NAMPA, Idaho — Charlie and Milo McConnel are just three years old, but they are already social media stars. These adorable twin boys live in Nampa, and they both happen to have Down syndrome.

They have thousands of Facebook followers, and to 20,000 of their fans on Instagram, they are known as @chucklesandmeatloaf. Their proud parents told KTVB how these adorable boys were able to become social media stars.

“They are just nicknames. We had a lot of nicknames for them, the ones that stuck? Chuckles and Meatloaf. We have followers all over the world, I don't even know how many countries, just all over the place and it's been really fun,” their mom Julie McConnel said.

Julie and Dan McConnel are sharing their beautiful boys with the world on social media to help break the stigma of having children with Down syndrome.

“My hope is to attract families that are receiving a diagnosis of Down syndrome for their child because that can be really scary. I hope that people will find us, and see that this is what life can be like," Julie said. "It can be fun, it's full of love, it's not scary. We have no regrets, and there is so much joy in our lives, and I hope that people will see that,"

This Nampa couple says they were stunned and excited to find out they were having twins. But, the diagnosis of Down syndrome for their boys was something they weren't prepared for.

“It was shocking and it was terrifying, and it took a while for us to come to grips with that diagnosis. I reached out, what I did is reach out on social media," Julie said.

She found amazing support from other moms. 

She says raising her precious boys has been filled with so much love, and some challenges too.

“It takes them a little longer to meet milestones, but when they meet goals we celebrate like no other parents alive," she said. "We throw a party and we're so excited for them when they accomplish those things.”

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Julie posts many of those joys and struggles on the boys’ social media pages, and now she is the mom people are reaching out to for wisdom.

“I'm always happy when I get a message that says hey we just got a diagnosis of Down syndrome and your page has been really encouraging," Julie said. "I'm so happy to have a conversation or meet for coffee or whatever they need.”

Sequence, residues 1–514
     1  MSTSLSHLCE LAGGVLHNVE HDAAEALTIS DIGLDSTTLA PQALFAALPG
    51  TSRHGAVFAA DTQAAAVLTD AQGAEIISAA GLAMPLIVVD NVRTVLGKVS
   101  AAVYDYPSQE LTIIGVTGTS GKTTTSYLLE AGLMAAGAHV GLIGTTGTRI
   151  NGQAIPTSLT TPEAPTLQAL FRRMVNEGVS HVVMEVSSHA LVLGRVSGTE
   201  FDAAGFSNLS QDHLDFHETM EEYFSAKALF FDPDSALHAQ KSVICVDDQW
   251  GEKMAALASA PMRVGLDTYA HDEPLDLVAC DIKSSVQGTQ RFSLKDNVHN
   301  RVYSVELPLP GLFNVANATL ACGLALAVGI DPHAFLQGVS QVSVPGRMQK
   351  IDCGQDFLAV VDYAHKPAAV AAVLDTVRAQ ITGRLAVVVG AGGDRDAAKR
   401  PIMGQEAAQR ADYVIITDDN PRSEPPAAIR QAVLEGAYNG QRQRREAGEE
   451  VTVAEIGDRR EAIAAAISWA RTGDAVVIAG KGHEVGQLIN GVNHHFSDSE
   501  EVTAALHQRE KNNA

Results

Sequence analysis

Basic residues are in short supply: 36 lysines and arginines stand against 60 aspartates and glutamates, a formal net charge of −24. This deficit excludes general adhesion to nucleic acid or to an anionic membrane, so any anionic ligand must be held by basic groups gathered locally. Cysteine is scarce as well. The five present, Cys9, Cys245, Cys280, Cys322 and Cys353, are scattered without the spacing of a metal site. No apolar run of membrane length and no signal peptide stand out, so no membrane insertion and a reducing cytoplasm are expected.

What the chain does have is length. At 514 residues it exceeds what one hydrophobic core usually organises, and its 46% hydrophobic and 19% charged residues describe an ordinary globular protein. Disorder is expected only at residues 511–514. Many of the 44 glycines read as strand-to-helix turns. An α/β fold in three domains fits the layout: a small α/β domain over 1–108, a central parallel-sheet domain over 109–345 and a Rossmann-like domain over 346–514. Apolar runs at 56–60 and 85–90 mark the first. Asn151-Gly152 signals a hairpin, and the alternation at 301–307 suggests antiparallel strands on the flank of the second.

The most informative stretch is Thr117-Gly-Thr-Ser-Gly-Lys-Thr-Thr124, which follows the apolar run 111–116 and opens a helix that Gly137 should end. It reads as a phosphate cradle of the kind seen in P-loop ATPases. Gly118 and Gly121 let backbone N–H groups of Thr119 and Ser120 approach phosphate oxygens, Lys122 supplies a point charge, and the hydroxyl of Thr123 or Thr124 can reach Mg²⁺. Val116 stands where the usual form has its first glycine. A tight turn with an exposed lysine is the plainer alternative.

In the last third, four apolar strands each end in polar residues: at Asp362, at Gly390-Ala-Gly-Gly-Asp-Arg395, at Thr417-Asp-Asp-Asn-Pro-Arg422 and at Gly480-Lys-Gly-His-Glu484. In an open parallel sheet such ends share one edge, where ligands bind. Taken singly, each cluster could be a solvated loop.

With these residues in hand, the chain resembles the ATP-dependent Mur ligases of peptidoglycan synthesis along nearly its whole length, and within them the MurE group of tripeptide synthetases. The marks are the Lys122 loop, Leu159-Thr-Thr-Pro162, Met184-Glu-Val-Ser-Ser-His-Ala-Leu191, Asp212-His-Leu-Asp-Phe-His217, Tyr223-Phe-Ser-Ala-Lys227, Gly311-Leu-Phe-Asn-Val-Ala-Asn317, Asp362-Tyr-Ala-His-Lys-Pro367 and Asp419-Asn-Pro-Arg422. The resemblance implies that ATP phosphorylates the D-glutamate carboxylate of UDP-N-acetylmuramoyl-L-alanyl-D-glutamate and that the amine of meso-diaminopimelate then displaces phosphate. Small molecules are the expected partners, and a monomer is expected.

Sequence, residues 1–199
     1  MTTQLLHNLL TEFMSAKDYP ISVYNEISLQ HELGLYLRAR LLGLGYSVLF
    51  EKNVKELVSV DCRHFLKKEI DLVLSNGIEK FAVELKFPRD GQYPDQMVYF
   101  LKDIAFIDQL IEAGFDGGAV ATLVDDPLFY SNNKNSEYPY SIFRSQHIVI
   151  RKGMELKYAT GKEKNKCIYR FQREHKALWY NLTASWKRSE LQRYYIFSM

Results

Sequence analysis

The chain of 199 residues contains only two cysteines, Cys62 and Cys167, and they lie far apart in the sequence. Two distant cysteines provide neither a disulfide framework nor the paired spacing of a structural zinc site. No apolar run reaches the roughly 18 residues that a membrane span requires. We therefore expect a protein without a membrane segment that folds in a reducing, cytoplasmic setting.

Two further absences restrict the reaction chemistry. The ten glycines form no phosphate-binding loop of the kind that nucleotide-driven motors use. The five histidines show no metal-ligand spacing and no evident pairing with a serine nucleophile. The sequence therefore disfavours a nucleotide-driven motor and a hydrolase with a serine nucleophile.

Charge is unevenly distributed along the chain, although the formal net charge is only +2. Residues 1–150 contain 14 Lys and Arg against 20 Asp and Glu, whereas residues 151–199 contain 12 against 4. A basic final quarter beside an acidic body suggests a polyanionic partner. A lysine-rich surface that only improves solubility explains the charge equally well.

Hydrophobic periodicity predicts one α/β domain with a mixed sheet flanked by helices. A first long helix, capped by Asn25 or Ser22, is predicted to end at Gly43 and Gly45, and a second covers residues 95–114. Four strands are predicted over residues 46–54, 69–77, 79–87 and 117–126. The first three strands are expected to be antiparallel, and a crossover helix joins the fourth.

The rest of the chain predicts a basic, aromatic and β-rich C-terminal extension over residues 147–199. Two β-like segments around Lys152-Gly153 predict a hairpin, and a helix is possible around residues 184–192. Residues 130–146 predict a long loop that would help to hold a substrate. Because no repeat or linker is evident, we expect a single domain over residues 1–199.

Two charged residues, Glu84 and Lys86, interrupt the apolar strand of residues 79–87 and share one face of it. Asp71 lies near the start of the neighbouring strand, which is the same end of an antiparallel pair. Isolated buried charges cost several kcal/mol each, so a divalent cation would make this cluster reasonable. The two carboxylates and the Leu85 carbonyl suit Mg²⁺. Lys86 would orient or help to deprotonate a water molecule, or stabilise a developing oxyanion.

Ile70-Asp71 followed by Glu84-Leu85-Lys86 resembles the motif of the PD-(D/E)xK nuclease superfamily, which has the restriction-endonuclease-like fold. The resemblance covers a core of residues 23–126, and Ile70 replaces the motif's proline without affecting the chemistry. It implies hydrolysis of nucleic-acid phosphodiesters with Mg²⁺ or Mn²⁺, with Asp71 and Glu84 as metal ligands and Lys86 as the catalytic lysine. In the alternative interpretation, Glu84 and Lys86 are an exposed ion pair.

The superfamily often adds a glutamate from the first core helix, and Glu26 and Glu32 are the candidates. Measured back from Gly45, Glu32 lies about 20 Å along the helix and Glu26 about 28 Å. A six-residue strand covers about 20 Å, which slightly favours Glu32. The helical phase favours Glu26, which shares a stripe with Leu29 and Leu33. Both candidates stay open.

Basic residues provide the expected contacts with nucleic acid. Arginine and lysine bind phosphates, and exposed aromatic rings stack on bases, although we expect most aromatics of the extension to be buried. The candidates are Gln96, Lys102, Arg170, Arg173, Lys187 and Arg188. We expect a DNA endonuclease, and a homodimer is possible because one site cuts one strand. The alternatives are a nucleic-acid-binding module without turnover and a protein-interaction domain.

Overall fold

Charlie and Milo are actually fraternal twins, not identical. Julie says that makes them even rarer.

“What I've found it's about one in a million to have identical twins with down syndrome, and it's about one in 14 million to have fraternal twins with down syndrome! It's really remarkable and just a double lottery win in our minds," she said.

On March 21, families in the Treasure Valley celebrated World Down Syndrome Awareness Day on the blue turf of Albertsons Stadium at Boise State University. The McConnels were thrilled to be a part of it with so many other families in the Valley.

“It is on March 21, because Down syndrome occurs when you have a third copy of the twenty-first chromosome so it always happens on 3/21," Julie said.

MORE: Mom’s touching letter to fellow teachers about children with Down syndrome

“It's this big day to show everyone else that we are here, and there are all these kids in our community, and we hope that they will see us and remember us and that things will continue to change in our communities with lots of acceptance," Dan said.

“We're standing on the shoulders of other parents that have paved the way for all these things to happen and it's an exciting time to have a child with Down syndrome," Julie said. "I want to see them grow up and do whatever they want to do."

In the meantime, Charlie and Milo will continue to inspire people around the globe, with their social media photos, videos, and stories.

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